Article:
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From the Department of State Health Services Immunization Branch
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October 26, 2006
The combined tetanus, diphtheria, and acellular pertussis (Tdap) vaccine
The goal of the Vaccine Advisory is to disseminate, in a timely manner, practical information related to vaccines, vaccine-preventable diseases, and the vaccine programs managed by the Immunization Branch. The Immunization Branch welcomes readers’ input to improve the contents of this document.
- On June 30, 2005 the Advisory Committee on Immunization Practices (ACIP) voted to recommend the routine use of Tetanus and Diphtheria Toxoids and Acellular Pertussis (Tdap) vaccines in adolescents aged 11–18 years in place of tetanus and diphtheria toxoids (Td) vaccines. Complete recommendations were published on March 24, 2006.
- On June 30, 2006 the ACIP voted to recommend that pregnant women who previously have not received a dose of Tdap – including women (adolescents 11-18 years and adults 19-64 years of age) who are breastfeeding – should receive Tdap after delivery, before discharge from the hospital or birthing center, if two years or more have elapsed since the last Td in most situations. If Tdap cannot be administered before discharge, it should be given as soon as feasible. Provisional recommendations were issued on June 20, 2006.
- On October 26, 2005 the ACIP voted to recommend routine use of a single dose of Tdap for adults 19-64 years of age to replace the next booster dose of tetanus and diphtheria toxoids vaccine (Td). The ACIP also recommended Tdap for adults who have close contact with infants <12 months of age. Provisional recommendations were issued on March 2, 2006.
This advisory contains:
- Background information
- Summary of ACIP Recommendations
- Texas Vaccines for Children Program
- Texas school and day care facilities requirements for the Tdap vaccine
- Epidemiology and surveillance
- Reporting vaccine adverse events
- Resources (vaccines)
- Resources (diseases)
Pertussis is a highly contagious respiratory tract infection. Although most children are protected against pertussis by vaccination during childhood, immunity wanes over time and leaves adolescents and adults unprotected. During spring 2005, two tetanus toxoid, reduced diphtheria toxoid, and acellular pertussis vaccine (Tdap) products formulated for use in adolescents and, for one product, use in adults, were licensed in the United States: Boostrix® from GlaxoSmithKline Biologicals is licensed for use in persons aged 10--18 years, and Adacel™ from Sanofi Pasteur was licensed for use in persons aged 11-64 years. The ACIP subsequently recommended routine use of a single dose of Tdap for adolescents and adults.
2) Summary of ACIP Recommendations
The ACIP recommendations for adolescents are summarized as follows:
- Adolescents aged 11--18 years should receive a single dose of Tdap instead of Td for booster immunization against tetanus, diphtheria, and pertussis if they have completed the recommended childhood DTP/DTaP vaccination series and have not received Td or Tdap. The preferred age for Tdap vaccination is 11--12 years. If Tdap is not available, Td should be administered.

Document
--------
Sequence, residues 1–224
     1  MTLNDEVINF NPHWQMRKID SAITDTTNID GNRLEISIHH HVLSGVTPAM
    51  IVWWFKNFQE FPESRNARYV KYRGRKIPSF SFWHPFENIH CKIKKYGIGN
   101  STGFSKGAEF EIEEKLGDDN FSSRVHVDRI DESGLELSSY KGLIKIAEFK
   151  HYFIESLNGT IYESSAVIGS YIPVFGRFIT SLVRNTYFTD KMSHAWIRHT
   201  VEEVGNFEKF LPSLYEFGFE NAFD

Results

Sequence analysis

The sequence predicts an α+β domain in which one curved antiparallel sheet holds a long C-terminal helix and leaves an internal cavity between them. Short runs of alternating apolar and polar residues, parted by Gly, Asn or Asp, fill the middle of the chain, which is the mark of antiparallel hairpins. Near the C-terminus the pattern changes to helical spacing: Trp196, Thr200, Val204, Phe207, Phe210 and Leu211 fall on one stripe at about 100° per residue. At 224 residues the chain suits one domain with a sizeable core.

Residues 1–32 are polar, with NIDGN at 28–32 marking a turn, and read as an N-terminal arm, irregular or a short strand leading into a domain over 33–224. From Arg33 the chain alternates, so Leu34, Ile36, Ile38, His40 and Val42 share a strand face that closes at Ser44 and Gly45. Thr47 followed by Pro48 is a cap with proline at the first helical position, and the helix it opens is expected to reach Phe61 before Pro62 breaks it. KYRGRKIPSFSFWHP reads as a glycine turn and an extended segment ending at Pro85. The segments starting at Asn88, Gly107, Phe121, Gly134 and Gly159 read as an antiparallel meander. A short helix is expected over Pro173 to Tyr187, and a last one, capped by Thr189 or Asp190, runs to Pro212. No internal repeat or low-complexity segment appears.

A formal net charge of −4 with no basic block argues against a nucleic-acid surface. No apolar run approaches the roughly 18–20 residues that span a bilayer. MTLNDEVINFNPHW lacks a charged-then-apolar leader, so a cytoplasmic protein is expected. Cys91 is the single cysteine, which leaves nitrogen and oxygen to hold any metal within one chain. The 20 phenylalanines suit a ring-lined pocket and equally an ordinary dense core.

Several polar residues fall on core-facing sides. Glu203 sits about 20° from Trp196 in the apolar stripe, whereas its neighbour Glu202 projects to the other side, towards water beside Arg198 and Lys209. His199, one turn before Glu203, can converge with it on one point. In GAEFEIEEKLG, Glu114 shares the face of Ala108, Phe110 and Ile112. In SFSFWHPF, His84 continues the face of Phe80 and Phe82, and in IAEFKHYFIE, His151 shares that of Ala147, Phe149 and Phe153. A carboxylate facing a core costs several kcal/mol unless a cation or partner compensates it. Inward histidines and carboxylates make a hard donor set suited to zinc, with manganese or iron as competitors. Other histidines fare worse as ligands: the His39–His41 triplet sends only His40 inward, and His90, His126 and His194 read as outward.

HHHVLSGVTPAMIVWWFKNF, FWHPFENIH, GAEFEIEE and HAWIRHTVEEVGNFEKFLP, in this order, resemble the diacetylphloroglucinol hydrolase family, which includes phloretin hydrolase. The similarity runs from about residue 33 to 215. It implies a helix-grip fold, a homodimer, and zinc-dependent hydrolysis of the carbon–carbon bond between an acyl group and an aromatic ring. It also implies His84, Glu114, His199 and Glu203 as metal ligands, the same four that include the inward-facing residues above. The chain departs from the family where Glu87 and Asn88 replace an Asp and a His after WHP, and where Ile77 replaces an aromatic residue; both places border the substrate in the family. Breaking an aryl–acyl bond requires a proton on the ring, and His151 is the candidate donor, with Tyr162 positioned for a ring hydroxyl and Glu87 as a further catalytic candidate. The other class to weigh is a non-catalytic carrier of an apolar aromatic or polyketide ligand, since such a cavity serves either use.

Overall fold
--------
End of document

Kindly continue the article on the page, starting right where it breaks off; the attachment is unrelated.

- Adolescents who received Td, but not Tdap, are encouraged to receive a single dose of Tdap to provide protection against pertussis if they have completed the recommended childhood DTP/DTaP vaccination series. An interval of at least 5 years between Td and Tdap is encouraged to reduce the risk for local and systemic reactions after Tdap vaccination. However, an interval less than 5 years between Td and Tdap can be used.
- Adolescents who require a tetanus toxoid-containing vaccine as part of wound management should receive a single dose of Tdap instead of Td if they have not previously received Tdap. If Tdap is not available or was previously administered, Td should be administered.
- Adolescents who have a history of pertussis generally should receive Tdap according to the routine recommendations.
- Adolescents who have no history of receiving tetanus-diphtheria-pertussis vaccination (DTP/DTaP, Td/ Tdap) should receive a series of three vaccinations. The preferred schedule is a single Tdap dose, followed by a dose of Td ≥ 4 weeks after the Tdap dose and a second dose of Td ≥ 6 months after the Td dose. Tdap may substitute for any one of the 3 Td doses in the series.
- Adolescents who have not received pertussis vaccines but completed the recommended tetanus-diphtheria vaccination series with pediatric DT or Td generally should receive Tdap according to the routine recommendations if they do not have a contraindication to the pertussis components.
ACIP’s final recommendations for adolescents.
The ACIP has made provisional recommendations for adults 19-64 years of age who have not received Tdap previously and are summarized below:
- Adults should receive a single dose of Tdap to replace a single dose of Td for booster immunization against tetanus, diphtheria, and pertussis if they received the last dose of tetanus toxoid-containing vaccine >10 years earlier.
- Tdap may be given at an interval shorter than 10 years since receipt of the last dose of tetanus toxoid-containing vaccine to protect against pertussis. The safety of an interval as short as approximately 2 years between administration of Td and Tdap is supported by a Canadian study of children and adolescents. The dose of Tdap replaces the next scheduled booster dose of Td.
- Adults who have or who anticipate having close contact with an infant <12 months of age (e.g., parents, grandparents <65 years of age, childcare providers, healthcare workers) should receive a single dose of Tdap. An interval of 2 years or more since the last dose of tetanus toxoid-containing vaccine is suggested; a shorter interval can be used.
ACIP’s recommendations for the Tdap vaccine for adults.